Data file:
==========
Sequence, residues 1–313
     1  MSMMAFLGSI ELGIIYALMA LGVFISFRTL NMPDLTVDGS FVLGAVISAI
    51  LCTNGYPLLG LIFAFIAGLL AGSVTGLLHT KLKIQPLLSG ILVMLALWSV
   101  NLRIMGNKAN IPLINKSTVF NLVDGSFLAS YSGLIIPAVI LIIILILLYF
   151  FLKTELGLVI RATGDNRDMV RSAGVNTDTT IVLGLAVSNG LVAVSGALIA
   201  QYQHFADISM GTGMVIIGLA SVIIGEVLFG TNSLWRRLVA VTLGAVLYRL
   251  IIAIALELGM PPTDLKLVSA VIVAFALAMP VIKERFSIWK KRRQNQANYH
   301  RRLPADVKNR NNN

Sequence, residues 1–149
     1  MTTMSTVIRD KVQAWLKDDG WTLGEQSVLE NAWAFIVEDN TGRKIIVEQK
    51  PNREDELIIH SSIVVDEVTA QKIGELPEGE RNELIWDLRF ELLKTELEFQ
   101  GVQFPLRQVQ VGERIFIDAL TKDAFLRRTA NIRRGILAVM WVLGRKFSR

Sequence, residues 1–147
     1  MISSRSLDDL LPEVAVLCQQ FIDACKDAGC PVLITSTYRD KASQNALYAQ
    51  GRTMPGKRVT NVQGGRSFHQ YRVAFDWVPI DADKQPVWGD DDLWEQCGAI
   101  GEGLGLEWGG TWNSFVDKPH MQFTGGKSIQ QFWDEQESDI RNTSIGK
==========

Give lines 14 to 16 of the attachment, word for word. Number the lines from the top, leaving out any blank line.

     1  MISSRSLDDL LPEVAVLCQQ FIDACKDAGC PVLITSTYRD KASQNALYAQ
    51  GRTMPGKRVT NVQGGRSFHQ YRVAFDWVPI DADKQPVWGD DDLWEQCGAI
   101  GEGLGLEWGG TWNSFVDKPH MQFTGGKSIQ QFWDEQESDI RNTSIGK